Review: The Transporter: Refueled


Director:Camille Delamarre

Cast:Ed Skrein, Ray Stevenson, Loan Chabanol, Gabriella Wright

Running Time:96 Minutes


Former special-ops mercenary Frank Martin is pulled into a cat-and-mouse game between Russian mobster Arkady Karasov and the women seeking revenge against him.

Sitting in the theater waiting for the film to start, the usual thoughts crossed my mind, would this be a good film?  I hope the writing is decent.  There's no Jason Statham, yeah, but the fight scenes should be good.  Right?  The answer to all of these questions was a resounding "No.  Nope.  Nyet.  Nein."  The movie could have been good.  I could see where it maybe could have been good, but it misfired on cylinders. 

At times, the movie felt like an Audi commercial, even the opening scene was almost a shot for shot re-dux of the opening car selection in the Grand Turismo video game series.  The driving scenes would start off so spectacular and then would just delve into unrealistic scenarios that were just so over the top that it would pull you quickly out of the moment.  Seriously, there were scenes that were supposed to be "cool and hip and edgy" but instead had people laughing in the theater. 

Ed Skrein does an extremely good job of sounding just like Jason Statham, but didn't have the panache that Statham has.  He tried, but even the fighting scenes seemed over done and without the substance.  They were almost empty fight scenes because there was nothing new to them.  It was same old, same old.  You can't blame Skrein for the writing or the directing; the guy did his best Jason Statham impersonation. At the end of the day, that's what the movie felt like, an impersonation.

The rest of the cast did their best, but at times it felt just like a bad B-movie (i.e. plot, writing, motive, etc.). They did what they could with the dialogue, but there were times when, once again, the audience was laughing at the movie, not with the movie.  The one shining point was Ray Stevenson.  The guy is just good and was one of the few bright spots in the movie.

The plot is cookie-cutter, and there were no real surprises whatsoever, and instead of putting in driving scenes that would be realistic, it played out on the screen like the writer was playing with his Audi Hot Wheel and was playing while he was writing and going "Oh! This would be cool if he drove through an airport!"  No, he drives his car on to and through the ramp that connects the plane to the airport.  Quick question, have you, my good reader, ever walked down that ramp to the airplane?  There is barely enough room for two people to walk side by side, let alone a full-sized Audi. And then he drives through the airport and out the window and you're left their scratching your head wondering why and how anyone thought this was a good idea.  I'll leave the most ridiculous scene for anyone who actually does want to watch the film, but it involves a Sea-Doo, a Land Rover, 20 yards in-land and bad CGI. Let your imagination run wild with that one.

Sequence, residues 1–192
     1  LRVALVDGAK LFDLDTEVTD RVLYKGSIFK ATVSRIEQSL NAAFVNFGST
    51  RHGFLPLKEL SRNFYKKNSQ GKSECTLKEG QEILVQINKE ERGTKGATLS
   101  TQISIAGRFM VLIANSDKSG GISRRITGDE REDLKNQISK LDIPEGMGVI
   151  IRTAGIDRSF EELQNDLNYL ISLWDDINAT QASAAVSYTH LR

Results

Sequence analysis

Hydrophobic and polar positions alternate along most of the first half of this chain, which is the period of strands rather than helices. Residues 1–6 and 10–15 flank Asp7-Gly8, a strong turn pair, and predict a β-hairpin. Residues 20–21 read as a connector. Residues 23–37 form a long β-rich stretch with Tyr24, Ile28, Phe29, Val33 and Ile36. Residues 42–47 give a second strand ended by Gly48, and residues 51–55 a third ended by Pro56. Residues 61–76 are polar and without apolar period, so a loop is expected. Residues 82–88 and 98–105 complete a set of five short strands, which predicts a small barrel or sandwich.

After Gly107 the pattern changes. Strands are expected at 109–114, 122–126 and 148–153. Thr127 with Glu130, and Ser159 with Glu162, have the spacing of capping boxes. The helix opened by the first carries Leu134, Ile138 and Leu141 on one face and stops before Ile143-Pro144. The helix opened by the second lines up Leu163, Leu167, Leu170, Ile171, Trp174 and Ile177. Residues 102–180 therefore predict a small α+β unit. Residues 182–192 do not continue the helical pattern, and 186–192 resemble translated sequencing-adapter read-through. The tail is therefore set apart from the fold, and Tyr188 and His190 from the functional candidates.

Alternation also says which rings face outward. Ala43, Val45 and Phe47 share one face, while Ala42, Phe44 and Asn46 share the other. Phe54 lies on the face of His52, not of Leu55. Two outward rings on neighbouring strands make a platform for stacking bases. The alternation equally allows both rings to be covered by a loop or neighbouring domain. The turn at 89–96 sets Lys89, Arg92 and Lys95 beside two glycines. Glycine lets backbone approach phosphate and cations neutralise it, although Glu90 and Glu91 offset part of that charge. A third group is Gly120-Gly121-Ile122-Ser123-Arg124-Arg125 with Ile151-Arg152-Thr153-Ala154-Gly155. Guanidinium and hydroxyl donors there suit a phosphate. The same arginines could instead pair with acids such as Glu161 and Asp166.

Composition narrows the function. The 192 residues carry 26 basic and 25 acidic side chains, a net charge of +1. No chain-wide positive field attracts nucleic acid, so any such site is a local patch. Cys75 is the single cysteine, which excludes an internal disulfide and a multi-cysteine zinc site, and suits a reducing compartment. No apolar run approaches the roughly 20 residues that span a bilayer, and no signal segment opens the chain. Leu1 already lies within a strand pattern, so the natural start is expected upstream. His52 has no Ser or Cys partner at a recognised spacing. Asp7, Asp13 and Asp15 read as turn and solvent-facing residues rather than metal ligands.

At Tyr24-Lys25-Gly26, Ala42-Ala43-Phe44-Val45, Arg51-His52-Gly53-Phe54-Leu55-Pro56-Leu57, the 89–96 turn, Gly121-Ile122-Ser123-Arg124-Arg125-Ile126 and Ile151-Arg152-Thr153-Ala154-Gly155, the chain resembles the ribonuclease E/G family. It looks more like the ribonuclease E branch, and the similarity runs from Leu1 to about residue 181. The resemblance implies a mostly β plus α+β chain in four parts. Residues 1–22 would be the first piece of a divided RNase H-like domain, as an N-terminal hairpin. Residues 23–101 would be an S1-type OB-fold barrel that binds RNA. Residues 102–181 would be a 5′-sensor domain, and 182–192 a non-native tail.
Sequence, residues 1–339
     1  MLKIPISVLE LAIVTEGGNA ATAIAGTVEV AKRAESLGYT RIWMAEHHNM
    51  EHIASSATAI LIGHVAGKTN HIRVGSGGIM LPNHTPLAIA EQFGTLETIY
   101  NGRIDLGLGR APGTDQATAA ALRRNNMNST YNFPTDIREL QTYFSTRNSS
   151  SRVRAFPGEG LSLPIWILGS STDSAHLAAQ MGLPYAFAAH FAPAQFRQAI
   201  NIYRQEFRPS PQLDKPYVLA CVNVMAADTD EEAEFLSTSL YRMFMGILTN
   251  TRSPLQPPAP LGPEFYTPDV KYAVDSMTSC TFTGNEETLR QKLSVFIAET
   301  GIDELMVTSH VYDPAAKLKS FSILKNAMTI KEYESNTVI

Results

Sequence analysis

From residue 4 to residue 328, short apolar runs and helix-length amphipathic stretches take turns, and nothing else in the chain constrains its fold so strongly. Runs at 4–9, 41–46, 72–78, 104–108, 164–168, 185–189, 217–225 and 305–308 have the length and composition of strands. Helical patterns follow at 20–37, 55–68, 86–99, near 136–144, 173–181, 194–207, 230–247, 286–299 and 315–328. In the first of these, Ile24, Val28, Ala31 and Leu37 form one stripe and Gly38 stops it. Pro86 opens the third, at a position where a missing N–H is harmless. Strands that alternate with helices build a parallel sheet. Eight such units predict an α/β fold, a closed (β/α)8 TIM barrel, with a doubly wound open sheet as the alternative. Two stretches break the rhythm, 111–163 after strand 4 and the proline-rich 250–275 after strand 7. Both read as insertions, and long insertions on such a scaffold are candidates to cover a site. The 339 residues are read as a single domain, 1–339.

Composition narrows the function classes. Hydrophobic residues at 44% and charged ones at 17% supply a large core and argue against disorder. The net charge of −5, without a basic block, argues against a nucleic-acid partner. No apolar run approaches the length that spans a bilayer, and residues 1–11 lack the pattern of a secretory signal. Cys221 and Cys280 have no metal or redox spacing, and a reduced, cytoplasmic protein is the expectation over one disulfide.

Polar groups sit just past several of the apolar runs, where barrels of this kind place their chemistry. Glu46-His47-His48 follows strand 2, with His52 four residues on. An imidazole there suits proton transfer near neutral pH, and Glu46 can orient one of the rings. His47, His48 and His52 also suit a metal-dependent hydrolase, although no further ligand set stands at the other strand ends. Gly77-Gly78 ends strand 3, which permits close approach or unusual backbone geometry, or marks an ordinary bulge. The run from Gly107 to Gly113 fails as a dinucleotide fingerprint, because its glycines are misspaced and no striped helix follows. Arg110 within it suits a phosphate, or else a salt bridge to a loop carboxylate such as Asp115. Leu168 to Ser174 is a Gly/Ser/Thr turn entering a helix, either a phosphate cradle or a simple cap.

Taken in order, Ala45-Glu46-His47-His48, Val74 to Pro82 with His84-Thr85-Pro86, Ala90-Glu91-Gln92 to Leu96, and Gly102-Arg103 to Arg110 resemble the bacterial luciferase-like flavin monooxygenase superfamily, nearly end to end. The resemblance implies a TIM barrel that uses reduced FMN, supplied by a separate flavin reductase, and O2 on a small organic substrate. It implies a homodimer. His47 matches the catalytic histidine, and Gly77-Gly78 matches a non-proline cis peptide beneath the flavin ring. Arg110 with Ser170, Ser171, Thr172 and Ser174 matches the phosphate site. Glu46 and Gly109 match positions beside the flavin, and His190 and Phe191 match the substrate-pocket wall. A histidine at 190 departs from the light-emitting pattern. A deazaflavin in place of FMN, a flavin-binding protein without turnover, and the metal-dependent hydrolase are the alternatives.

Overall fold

In the words of Peter Griffin, the movie was "shallow and pedantic."  There wasn't anything new or original to it.  It was the same stuff we've seen before.  Don't bother watching this movie in the theater or renting it on DVD/Blu-Ray, if you must watch this movie, then wait for it's inevitable 24-hour marathon on TNT or TBS in about two years, but even then there are going to be other movies, much better movies that you can spend your 96 minutes on.  You know what?  If need be, open up a book.  The "femme fatales" in the movie quoted the Three Musketeers quite a bit, go open that book and start that.


About Robert Bexar II

Robert Bexar II

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